When the installation is done, we need to run StartSonar.bat in administration mode and the SonarQube application will be running at http://localhost:9000.

Now, we can create a project and create a unique token:

Create a project

Before analyzing a project, we need to install SonarScanner tool globally, like:

dotnet tool install --global dotnet-sonarscanner

Then we can execute the scanner:

dotnet sonarscanner begin /k:"demo" /d:sonar.host.url="http://localhost:9000"  /d:sonar.login="token"

dotnet build

dotnet sonarscanner end /d:sonar.login="token"

We can see the results of the analysis. In this dashboard, we can see bugs, vulnerabilities, code smells, code coverage, security issues, and more.

Quality Gate Passed

Using SonarAnalyzer

One additional tool that we can use, instead of SonarLint is SonarAnalyzer.CSharp, the analyzers package. This package enables us to have IDE integration to have the same rules applied when building applications locally like it was built in CI/CD process with SonarQube rules applied. As it is integrated into the MSBuilds process, we can easily switch on/off rules in a .ruleset file.

All the rules have documentation with a clear explanation of the problem, and code samples showing good and bad code (see an example).

Using SonarCloud in the Cloud

Another possibility is to use SonarCloud integration with your repository from GitHub, Bitbucket, Azure DevOps, or GitLab. Here we can have straightforward configuration, where we just create a SonarCloud account/project and connect it to our online repository that will be analyzed. A free version of SonarCloud offers unlimited analyzers and lines of code for all languages, but results will be open to anyone. Analysis for private projects is paid from 10e per month.

In the example here a popular NopCommerce open-source project is analyzed with connection to SonarCloud (results), as an open project. In the image below we can see the result of the SonarQube analysis in the dashboard.

SonarQube Analysis in the dashboard

What we can see from the results of scanning 337k of code is that we have 892 bugs, 3.3k code smells, but also 10 security vulnerabilities and 127 security hotspots. Then, we can go into detail in each of those sections. For example, code smells:

Code smells example

Here is important to check for blocker, critical and major findings. For each of the issues, we can see details of why that is the issue, we can confirm it, or resolve it.

When we fix the issue and push our changes to the repository, we will see a new round of analysis that incorporated our changes.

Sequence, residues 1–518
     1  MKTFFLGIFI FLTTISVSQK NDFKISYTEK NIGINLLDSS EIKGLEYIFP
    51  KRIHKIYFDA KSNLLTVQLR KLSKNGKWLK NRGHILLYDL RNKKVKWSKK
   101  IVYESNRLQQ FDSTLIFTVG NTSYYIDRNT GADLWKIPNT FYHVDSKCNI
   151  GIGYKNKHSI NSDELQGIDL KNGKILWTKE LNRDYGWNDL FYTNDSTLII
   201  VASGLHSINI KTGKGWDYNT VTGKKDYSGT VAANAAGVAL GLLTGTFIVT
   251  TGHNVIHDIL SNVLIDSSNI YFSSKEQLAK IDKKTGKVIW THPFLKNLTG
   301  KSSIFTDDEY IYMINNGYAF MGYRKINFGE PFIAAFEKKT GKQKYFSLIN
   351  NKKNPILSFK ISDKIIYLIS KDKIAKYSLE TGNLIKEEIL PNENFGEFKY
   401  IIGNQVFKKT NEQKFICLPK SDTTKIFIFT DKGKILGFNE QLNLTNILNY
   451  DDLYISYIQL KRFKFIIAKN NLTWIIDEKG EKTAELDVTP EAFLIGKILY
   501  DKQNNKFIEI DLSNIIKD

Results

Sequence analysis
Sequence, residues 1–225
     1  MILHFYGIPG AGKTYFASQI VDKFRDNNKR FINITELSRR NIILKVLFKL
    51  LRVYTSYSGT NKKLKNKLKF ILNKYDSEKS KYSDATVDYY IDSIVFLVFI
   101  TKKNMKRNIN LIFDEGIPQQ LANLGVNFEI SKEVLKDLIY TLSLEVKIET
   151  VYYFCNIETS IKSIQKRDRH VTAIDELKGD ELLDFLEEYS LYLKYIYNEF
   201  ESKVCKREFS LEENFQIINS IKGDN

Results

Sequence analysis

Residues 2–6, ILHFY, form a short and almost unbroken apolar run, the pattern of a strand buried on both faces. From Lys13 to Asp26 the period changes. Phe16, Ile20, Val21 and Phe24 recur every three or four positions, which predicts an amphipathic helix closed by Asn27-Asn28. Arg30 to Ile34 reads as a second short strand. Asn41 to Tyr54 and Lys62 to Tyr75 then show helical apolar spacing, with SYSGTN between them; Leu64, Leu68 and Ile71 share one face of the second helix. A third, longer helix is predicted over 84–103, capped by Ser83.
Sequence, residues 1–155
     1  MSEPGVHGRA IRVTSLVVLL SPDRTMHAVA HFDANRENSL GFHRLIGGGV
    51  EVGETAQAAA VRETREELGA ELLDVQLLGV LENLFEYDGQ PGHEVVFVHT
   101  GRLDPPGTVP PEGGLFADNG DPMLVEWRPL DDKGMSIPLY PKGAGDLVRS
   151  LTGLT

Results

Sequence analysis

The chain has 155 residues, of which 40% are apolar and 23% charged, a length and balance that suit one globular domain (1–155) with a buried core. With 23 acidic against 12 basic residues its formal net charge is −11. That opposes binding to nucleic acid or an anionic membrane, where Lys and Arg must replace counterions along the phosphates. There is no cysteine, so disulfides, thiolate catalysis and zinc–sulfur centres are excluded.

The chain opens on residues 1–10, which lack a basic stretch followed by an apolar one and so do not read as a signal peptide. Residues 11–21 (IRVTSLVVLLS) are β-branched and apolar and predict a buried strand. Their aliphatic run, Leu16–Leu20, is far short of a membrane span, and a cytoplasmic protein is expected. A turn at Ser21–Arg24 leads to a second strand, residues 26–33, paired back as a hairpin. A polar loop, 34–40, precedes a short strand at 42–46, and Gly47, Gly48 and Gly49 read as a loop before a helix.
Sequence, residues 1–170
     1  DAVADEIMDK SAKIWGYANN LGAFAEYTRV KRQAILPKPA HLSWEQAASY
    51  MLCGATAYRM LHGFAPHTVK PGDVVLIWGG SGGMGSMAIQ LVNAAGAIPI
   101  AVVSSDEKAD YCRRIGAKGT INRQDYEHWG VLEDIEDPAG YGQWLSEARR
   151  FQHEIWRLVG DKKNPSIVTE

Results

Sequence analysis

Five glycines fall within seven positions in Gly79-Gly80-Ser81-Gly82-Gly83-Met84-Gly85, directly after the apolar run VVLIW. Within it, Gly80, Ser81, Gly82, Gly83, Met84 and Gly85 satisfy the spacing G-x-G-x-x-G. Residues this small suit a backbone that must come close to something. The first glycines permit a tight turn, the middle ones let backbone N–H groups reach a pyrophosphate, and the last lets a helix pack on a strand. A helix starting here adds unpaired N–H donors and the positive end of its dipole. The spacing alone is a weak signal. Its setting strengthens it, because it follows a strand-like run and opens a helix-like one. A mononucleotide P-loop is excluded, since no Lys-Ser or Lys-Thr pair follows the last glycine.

Using SonarQube in CI/CD Pipelines

We can integrate SonarQube in CI/CD pipelines in GitHub, GitLab, BitBucket, Jenkins, Travis, and Azure DevOps. Community edition allows only scanning for the master branch, but from Developer Edition it’s possible to analyze multiple branches.

To use SonarQube in the example of Azure DevOps, we need to set up our global DevOps Platform settings and add an access token. Then, we can analyze the process with Azure pipelines. First, we need to install the SonarQube extension. After installing your extension, you need to declare your SonarQube server as a service endpoint in our Azure DevOps project settings.

When the endpoint is added, we need to configure branch analysis by using the following tasks: Prepare Analysis Configuration, Run Code Analysis and Publish Quality Gate Result.

An example of a pipeline for a .NET project could look like this:

trigger: - master # or the name of your main branch
- feature/* 
steps:
# Prepare Analysis Configuration task
- task: SonarQubePrepare@5  inputs:    SonarQube: 'YourSonarqubeServerEndpoint'    scannerMode: 'MSBuild'    projectKey: 'YourProjectKey'

# Run Code Analysis task
- task: SonarQubeAnalyze@5 
# Publish Quality Gate Result task
- task: SonarQubePublish@5  inputs:    pollingTimeoutSec: '300'

An example of the full Azure DevOps pipeline in the classic mode:

Azure DevOps pipeline in the classic mode

What is also important is that we want to run this check with every pull request. This will prevent unsafe or substandard code from being merged with our main branch. Two policies that can help us here:

  • Ensuring your pull requests are automatically analyzed: Ensure all of your pull requests get automatically analyzed by adding a build validation branch policy on the target branch.

  • Preventing pull request merges when the Quality Gate fails: Prevent the merge of pull requests with a failed Quality Gate by adding a SonarQube/quality gate status check branch policy on the target branch.

Conclusion

In this post, we saw how we can use different tools to automatize checks for high-quality code. This is important as we know that high-quality code is cheaper to produce. There are multiple benefits of this approach in long term, as you have the confidence to release more frequently and have a quicker time to market. With this approach, we also reduce business risks.

Some rules may sometimes get in your way and slow down your development, but you and your team are in charge to establish given rules or completely ignore disabling them. In addition, the lack of a standardized code formatter in .NET that languages like GO have gives far too much freedom in how people format their code, and that has a major impact on readability, and therefore maintainability.

.

Leave a Comment